Bush: Iraq is one victory in war on terror
ABOARD USS ABRAHAM LINCOLN (CNN) -- President Bush on Thursday praised the toppling of Saddam Hussein as "a job well done," but he warned that the battle in Iraq was but "one victory in a war on terror."
Bush, addressing the nation not from the White House but from the dramatic setting of the nuclear-powered aircraft carrier USS Abraham Lincoln, announced: "Major combat operations in Iraq have ended." (Transcript)
Standing on the giant flight deck, with a banner reading "Mission Accomplished" overhead on the bridge, the commander-in-chief saluted the men and women of the U.S. military.
"Because of you, our nation is more secure. Because of you, the tyrant has fallen, and Iraq is free," was his message. "America is grateful for a job well done."
Bush arrived at the huge carrier off the California coast on a Navy plane, sitting in the co-pilot's seat. The ship will arrive in San Diego on Friday after a 10-month deployment, including service in the Iraq and Afghanistan war theaters. (Full story)
Reviewing the quick progress of the 6-week-old Operation Iraqi Freedom, Bush said it "was carried out with a combination of precision, speed and boldness the enemy did not expect -- and the world had not seen before."
"With new tactics and precision weapons, we can achieve military objectives without directing violence against civilians. No device of man can remove the tragedy from war. Yet it is a great advance when the guilty have far more to fear from war than the innocent."
The president said the United States and its allies fought to bring peace to the world.
"The battle of Iraq is one victory in a war on terror that began on September 11th, 2001, and still goes on."
Bush said that in the 19 months since the attacks on New York, Washington and Pennsylvania, "nearly half of al Qaeda's senior operatives have been captured or killed."
Bush described al Qaeda as "wounded, but not destroyed" and said the United States would continue to hunt down members of the terrorist network.
He also said removing Saddam from power would make other nations less vulnerable to terrorist attacks.
"We have removed an ally of al Qaeda, and cut off a source of terrorist funding. And this much is certain: No terrorist network will gain weapons of mass destruction from the Iraqi regime, because that regime is no more."
'Target of American justice'
The president warned once again that terrorists and their supporters who hope to attack the United States would become "a target of American justice."
He also promised that outlaw regimes that seek weapons of mass destruction would be confronted.
But he said that "anyone in the world, including the Arab world, who works and sacrifices for freedom has a loyal friend in the United States."
The president also saluted members of the military killed in the Iraq war, saying their "final act on this Earth was to fight a great evil and bring liberty to others."
"Every name, every life, is a loss to our military, to our nation and to the loved ones who grieve."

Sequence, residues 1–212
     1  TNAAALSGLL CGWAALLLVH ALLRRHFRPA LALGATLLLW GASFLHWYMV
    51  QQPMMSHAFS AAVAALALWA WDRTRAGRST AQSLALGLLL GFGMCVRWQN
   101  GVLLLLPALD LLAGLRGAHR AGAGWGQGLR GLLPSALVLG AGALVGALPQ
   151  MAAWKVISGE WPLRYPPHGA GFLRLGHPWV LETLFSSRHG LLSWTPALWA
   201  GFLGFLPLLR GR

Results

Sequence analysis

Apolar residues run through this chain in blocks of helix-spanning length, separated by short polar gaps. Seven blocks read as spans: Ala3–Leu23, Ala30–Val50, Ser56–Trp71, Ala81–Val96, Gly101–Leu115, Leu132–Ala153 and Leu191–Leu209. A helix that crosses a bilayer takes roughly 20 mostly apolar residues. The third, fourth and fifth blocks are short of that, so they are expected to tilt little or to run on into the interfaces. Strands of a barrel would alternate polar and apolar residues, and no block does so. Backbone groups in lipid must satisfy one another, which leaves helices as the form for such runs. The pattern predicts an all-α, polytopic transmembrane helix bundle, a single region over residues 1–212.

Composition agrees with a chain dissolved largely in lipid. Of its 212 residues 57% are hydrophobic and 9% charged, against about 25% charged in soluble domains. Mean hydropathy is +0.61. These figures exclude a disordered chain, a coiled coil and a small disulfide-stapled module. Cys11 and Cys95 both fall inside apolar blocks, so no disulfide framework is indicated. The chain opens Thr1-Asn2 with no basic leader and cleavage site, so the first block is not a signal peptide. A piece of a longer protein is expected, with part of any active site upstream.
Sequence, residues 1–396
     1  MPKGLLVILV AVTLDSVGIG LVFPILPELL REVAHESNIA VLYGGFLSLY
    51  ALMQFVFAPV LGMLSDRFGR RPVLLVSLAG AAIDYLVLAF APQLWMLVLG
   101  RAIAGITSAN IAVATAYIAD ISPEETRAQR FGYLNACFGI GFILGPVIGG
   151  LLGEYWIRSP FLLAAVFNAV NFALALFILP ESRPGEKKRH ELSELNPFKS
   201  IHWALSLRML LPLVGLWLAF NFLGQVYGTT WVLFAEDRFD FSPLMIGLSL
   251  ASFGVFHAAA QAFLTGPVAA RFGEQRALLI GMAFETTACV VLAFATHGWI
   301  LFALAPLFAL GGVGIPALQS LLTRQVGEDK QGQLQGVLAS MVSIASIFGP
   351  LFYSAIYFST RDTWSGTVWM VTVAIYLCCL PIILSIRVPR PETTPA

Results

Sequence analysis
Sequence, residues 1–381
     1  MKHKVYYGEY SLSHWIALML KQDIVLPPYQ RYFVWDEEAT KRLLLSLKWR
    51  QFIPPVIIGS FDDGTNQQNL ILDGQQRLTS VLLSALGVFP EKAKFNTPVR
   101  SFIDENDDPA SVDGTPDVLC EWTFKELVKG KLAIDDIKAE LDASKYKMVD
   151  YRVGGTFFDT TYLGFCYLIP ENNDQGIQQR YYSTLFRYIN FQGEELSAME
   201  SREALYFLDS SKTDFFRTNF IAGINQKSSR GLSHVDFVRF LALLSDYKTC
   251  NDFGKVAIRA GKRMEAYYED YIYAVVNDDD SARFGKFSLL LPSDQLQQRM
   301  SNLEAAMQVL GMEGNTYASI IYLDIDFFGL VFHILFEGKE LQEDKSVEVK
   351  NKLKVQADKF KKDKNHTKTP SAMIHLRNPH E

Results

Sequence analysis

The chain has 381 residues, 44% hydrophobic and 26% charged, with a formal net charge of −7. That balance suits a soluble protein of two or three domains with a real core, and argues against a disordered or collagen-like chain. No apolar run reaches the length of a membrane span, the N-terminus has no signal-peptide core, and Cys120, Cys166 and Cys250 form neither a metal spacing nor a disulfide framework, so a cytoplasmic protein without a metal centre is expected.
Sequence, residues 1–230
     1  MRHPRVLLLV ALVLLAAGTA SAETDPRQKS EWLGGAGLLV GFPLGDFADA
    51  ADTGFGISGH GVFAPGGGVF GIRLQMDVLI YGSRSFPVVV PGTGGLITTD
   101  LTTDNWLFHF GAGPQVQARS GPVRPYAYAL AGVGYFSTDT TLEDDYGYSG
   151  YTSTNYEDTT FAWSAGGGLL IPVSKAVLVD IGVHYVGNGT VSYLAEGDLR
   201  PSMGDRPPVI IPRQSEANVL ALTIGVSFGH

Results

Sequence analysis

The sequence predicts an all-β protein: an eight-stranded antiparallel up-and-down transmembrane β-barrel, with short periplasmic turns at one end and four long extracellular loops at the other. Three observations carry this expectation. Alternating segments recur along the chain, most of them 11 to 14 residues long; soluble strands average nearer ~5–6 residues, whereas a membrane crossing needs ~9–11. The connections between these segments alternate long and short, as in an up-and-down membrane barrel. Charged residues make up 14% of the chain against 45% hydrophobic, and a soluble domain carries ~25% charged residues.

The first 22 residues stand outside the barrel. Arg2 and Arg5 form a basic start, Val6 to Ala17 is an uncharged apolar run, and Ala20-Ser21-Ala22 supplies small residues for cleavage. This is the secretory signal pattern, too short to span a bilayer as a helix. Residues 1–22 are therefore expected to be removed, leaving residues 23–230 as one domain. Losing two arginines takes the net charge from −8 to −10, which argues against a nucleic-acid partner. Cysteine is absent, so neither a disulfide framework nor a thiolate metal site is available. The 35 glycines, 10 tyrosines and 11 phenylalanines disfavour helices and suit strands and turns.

The president also said that for some U.S. troops "difficult work" remains to be done to ensure freedom to the people of Iraq. He said the coalition would continue to bring order to still dangerous areas; locate members of Saddam's regime and bring them to justice; find weapons of mass destruction; and help the Iraqi people rebuild their country.
Sen. Dianne Feinstein, D-California, said she believes the hardest work is yet to come in securing Iraq, getting its economy going and providing a stable environment for the new government.
"I interpret this as a major statement that the coalition, in fact, will remain until the country is safe and stable, and until a government is elected and able to survive. And that's good news, I think," she said.
Rep. Christopher Shays, R-Connecticut, said the speech and the environment in which it was given "was so exciting."
"This president had a right to rejoice. But it was just a compassionate, wonderful speech," Shays said.
Victory and Geneva Conventions
Bush did not formally declare the war in Iraq to be over.
There are several reasons, highlighted by aides and scholars. For one, although major combat is over, skirmishes in Iraq continue as exemplified by deadly exchanges in the city of Fallujah between protesters and U.S. soldiers. Also, although Saddam Hussein's regime was toppled, the former Iraqi president and members of his inner circle, including his two sons, remain unaccounted for.
Scholars familiar with laws governing war say that a formal declaration of victory would complicate efforts by coalition forces to track down the former members of Saddam's regime.
"If we say the war is over, it makes it more difficult to pursue these individuals," said Anthony Clark Arend, professor of government and foreign service at Georgetown University. He has written a book on international law and the use of force.
The Geneva Conventions also call for the release and repatriation "without delay" of prisoners of war at the close of hostilities.
"Generally, that means you repatriate them to the existing government," Arend said. "Well, there's no place to repatriate them to."
Pentagon officials said last week there were about 7,000 Iraqi prisoners of war but added that hundreds of them have been released.
-- CNN White House Correspondent Dana Bash, Pentagon Producer Mike Mount and CNN.com Producer Sean Loughlin contributed to this report.